Like the oft-told tale of a person returning from the beach, sand is in some places it should not be around the Golden Isles, thanks to the effects of Hurricane Irma. The extent of where it went is presently under evaluation.
“There’s not a whole lot of pre-storm monitoring that’s been done in these counties, so it’s hard to tell — quantify — exactly, the extent,” said Karl Burgess, program manager for marsh and shore management with the state Department of Natural Resources. “But there’s definitely been some impacts — the dunes showed signs of erosion and access points, structural crossovers and those types of things have been impacted in many areas, and we’re working with both (the Jekyll Island Authority) and Glynn County to try to facilitate those needs.”
Post-hurricane imagery by the National Oceanic and Atmospheric Administration appears to show sand on the Sea Island Spit pushed back toward the marsh, while the contours of East Beach on St. Simons Island have changed a little as sand shifted down the beach.
“We’ve seen some isolated areas where there was sand that, because of the storm surge, were pushed up into upland areas,” Burgess said. “We’re working with the county to remove sand from areas like Myrtle Street and those type of things and those areas there. Also we’re getting reports — we’re seeing through some early assessments — of sand that was blown into private property area.”
According to a Jekyll Island Authority statement Monday afternoon, the Jekyll dunes held up for the most part.
“Driftwood Beach has definitely changed,” the statement said. “Many of the signature trees were stronger than Irma and remain, while many were moved toward the marsh or are gone. Some of the access paths to Driftwood are currently blocked. We’re working diligently to clear them and hope to have them open by next week.”
Meanwhile, DNR’s Coastal Resources Division, or CDR, moved resources to properly document Irma’s effects on the coast as timely as possible. As such, any permitting related to activities under the Coastal Marshlands Protection Act or the Shore Protection Act is temporarily postponed.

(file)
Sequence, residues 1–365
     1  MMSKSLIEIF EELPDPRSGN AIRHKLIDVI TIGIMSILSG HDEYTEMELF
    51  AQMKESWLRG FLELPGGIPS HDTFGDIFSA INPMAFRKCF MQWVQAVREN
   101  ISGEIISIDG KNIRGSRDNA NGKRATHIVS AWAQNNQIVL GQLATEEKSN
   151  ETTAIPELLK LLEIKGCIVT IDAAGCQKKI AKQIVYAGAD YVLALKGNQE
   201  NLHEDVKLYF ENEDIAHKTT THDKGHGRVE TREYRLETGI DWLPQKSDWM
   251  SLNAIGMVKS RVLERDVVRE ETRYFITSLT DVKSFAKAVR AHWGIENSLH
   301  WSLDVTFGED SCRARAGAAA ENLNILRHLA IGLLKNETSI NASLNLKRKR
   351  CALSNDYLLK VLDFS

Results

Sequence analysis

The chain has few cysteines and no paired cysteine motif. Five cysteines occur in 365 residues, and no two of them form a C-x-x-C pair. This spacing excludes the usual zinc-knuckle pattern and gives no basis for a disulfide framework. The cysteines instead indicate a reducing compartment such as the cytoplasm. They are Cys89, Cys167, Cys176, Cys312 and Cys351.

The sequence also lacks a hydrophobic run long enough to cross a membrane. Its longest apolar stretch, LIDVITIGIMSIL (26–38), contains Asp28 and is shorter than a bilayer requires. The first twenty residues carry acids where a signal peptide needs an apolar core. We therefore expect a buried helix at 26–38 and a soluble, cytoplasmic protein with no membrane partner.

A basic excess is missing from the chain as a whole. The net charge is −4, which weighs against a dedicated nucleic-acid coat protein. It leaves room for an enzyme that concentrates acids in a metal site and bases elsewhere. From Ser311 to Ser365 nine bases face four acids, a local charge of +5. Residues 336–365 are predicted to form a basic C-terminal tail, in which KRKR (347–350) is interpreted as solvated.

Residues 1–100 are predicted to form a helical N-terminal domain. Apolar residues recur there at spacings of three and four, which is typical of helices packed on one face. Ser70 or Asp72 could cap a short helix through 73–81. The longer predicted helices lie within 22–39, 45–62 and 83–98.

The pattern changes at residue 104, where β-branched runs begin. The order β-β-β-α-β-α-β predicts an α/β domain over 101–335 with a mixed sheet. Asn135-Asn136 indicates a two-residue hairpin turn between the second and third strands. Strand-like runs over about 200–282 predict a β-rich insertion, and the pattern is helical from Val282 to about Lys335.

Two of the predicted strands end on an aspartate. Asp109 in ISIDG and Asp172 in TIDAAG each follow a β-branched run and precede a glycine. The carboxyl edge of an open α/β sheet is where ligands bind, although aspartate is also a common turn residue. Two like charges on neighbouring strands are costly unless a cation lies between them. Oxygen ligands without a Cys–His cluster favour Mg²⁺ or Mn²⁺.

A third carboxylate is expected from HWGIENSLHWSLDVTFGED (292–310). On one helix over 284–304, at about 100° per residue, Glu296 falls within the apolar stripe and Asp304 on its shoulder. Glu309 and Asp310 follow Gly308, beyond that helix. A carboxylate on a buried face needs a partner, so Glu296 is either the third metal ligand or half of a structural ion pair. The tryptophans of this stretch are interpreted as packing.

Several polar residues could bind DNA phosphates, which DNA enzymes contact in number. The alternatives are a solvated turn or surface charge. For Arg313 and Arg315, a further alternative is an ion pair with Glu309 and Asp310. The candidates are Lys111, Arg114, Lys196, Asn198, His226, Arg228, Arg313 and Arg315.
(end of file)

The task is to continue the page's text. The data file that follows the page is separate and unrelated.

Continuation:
“Our staff will be working with public, commercial and government entities to facilitate a quick recovery from Hurricane Irma, but we need information about the extent of the damage,” CRD Director Spud Woodward said in a statement. “We want to focus our efforts on recovery; therefore, action on non-essential projects currently in the queue will be delayed.”
DNR opened a call center Monday to hear from the public on all manner of coastal issues, including “impacts to beach-front property, private docks, bank stabilizations, marinas, commercial docks or other structures within coastal waters, marshlands or along barrier island beaches,” and any questions regarding the CMPA and SPA. The call center can be reached at 912-264-7218, 8 a.m. to 4:30 p.m Monday through Friday.
Under an emergency order, people are allowed to move beach sand using hand tools back to an adjacent dune or beach, as long as it does not contain man-made debris. Any sand removal that needs large, mechanized equipment necessitates coordination with DNR.
CRD also asks the public to stay out of the ocean, citing debris, elevated bacteria levels and rip currents. Water quality testing for enterococcus bacteria is also unavailable. With so much business locally tied to beach tourism, putting those beaches out of action will likely have an effect.
Following Hurricane Matthew, one resort reported $200,000 in cancellations and refunds. Golden Isles Convention & Visitors Bureau President Scott McQuade told The News Monday that he expects the final evaluation to show Irma caused more damage, from which it will take longer for local businesses to recover.